We set up a reward system that reminded people to do a more thorough job. Was there a risk assessment? Were there coverage outlines? Session sheets? How were they filled out? Were they complete? What about bug reports? Were they complete and clear? I fought with the architects over having a leaderboard, but eventually I relented and we reached a compromise. Superstar testers can dominate a system like this, causing others to feel demoralized and not want to try anymore. We decided to overcome that by looking at chance events, which are a huge part of what makes games fun, so no one could stay and dominate the testing leaderboard, they would get knocked to the bottom randomly and would have to work their way back up. Unfortunately, we ran into regulatory issues with the leaderboard – while we forbade the practice of ranking employees based on the tool, this sort of thing can run afoul of labor laws in some countries, so we were working on alternatives but ran out of resources before we could get it completed.
Social aspects of gaming are a massive part of online games in particular, but board games are more fun with more people too. We set up a communication system similar to a company IRC system we had developed in the past. We also designed a way to ask for help and for senior testers to provide mentoring, and like MMOs, we rewarded people who worked together more than if they worked alone. Like developer tools, we set up flags for review to help get more eyes on a problem.
We also set up a voting system so testers could nominate each other for best bug, or best bug report, best bug video, and encouraged sharing bug stories and technical information with each other within the tool.
An important design aspect was interoperability with other tools, so we designed testing products to be easily exported so they could be incorporated with tools people already use. Rather than try to compete or replace, we wanted to complement what testers were already doing in many organizations, and have an alternative to the tired and outdated test case management systems. However, if you had one of those systems, we wanted to work with it, rather than against it.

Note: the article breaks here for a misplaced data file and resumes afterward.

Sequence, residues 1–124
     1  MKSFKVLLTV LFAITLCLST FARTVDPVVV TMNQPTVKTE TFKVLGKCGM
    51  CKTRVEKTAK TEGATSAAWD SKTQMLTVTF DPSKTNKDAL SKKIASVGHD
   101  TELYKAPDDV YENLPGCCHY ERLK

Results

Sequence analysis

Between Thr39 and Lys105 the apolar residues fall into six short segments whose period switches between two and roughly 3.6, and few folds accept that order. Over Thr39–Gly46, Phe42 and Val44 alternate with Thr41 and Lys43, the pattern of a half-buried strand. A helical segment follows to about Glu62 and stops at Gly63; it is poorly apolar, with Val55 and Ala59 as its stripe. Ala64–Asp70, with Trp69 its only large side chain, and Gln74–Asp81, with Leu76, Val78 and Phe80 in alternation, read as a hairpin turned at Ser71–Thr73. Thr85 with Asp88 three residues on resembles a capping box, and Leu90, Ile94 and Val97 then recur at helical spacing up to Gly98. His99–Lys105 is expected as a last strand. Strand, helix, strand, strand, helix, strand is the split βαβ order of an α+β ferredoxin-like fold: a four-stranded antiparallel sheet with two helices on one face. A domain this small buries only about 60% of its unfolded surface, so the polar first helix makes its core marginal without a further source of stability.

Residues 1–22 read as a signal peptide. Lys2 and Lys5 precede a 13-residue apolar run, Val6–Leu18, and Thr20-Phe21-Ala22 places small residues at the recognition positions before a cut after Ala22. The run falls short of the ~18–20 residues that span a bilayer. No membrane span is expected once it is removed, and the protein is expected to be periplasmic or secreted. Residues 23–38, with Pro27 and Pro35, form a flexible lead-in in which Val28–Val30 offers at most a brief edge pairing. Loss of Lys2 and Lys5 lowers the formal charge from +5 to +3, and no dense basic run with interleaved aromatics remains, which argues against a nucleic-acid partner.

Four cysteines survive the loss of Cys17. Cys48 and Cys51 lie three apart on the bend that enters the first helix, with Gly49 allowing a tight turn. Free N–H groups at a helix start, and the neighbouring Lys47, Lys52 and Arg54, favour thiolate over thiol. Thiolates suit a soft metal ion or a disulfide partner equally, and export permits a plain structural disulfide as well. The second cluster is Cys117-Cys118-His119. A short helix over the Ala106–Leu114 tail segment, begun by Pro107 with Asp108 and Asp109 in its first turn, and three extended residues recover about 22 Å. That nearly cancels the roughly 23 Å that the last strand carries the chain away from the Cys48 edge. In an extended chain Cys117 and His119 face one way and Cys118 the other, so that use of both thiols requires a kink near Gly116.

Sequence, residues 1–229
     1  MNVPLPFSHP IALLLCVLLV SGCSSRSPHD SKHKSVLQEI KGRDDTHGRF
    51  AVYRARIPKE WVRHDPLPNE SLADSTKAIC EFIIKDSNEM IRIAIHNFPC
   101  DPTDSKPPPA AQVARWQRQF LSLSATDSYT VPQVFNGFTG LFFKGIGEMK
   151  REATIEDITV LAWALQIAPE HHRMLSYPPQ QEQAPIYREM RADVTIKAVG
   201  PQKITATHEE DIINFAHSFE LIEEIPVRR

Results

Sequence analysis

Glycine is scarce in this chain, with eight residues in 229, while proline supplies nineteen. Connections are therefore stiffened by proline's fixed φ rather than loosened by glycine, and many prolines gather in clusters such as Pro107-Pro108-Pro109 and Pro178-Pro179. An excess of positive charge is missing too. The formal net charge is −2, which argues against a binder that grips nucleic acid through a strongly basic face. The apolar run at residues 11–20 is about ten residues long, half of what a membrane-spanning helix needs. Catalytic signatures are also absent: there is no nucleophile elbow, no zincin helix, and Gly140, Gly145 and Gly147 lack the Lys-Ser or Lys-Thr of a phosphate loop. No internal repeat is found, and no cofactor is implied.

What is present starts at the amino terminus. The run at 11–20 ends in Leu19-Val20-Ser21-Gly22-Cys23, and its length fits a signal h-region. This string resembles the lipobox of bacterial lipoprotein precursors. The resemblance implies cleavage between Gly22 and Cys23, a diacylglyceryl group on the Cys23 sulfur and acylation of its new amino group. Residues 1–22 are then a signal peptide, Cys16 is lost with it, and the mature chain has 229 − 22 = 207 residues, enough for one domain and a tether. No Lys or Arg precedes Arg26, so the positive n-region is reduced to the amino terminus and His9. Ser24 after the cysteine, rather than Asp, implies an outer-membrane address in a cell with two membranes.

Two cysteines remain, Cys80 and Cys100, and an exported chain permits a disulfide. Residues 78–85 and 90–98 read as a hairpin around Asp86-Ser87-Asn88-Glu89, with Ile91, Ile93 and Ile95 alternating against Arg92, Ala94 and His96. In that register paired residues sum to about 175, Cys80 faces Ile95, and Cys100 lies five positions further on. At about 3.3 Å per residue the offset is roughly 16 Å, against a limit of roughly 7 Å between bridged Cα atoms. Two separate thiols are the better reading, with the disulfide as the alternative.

Unfortunately, we ran out of resources and weren’t able to get the tool off the ground. It had the basics of Session Tester embedded in it, with improvements and a lot of game approaches mixed in with testing fundamentals.
We learned three lessons with all of this:
- Co-operative game play works well for productivity over a sustained period of time, while competitive game play can be initially productive, but over time it can be destructive. Competition is something that has to be developed within a co-operative structure with a lot of care. Many people shut down when others get competitive, and rewarding for things like bugs found, or bugs fixed causes people to game the system, rather than focus on value.
- Each team is different, and there are different personalities and player types. You have to design accordingly and make implementations customizable and flexible. If you design too narrowly, the software testing game will no longer be relevant. If design is more flexible and customizable from the beginning, the tool has a much better chance of sustained use, even if the early champions move on to other companies. I’ve had people ask me for simple approaches and get disappointed when I don’t have a pat answer on how to gamify their testing team approach without observing and working with them first. There is no simple approach that fits all.
- Designing a good productivity tool is very difficult, and game approaches are much more complex than you might anticipate. There were unintended consequences when using certain approaches, and we really had to take different personality and player styles into account. (There are also labour and other game-related laws to explore.) Thin layer gamification (points, badges, leaderboards) had limited value over time and only appealed to a narrow group of people.
If some of you are looking at gamification and testing productivity, I hope you find some of these ideas useful. If you are interested in some of the approaches we used, these Gamification Inspiration Cards are a good place to start.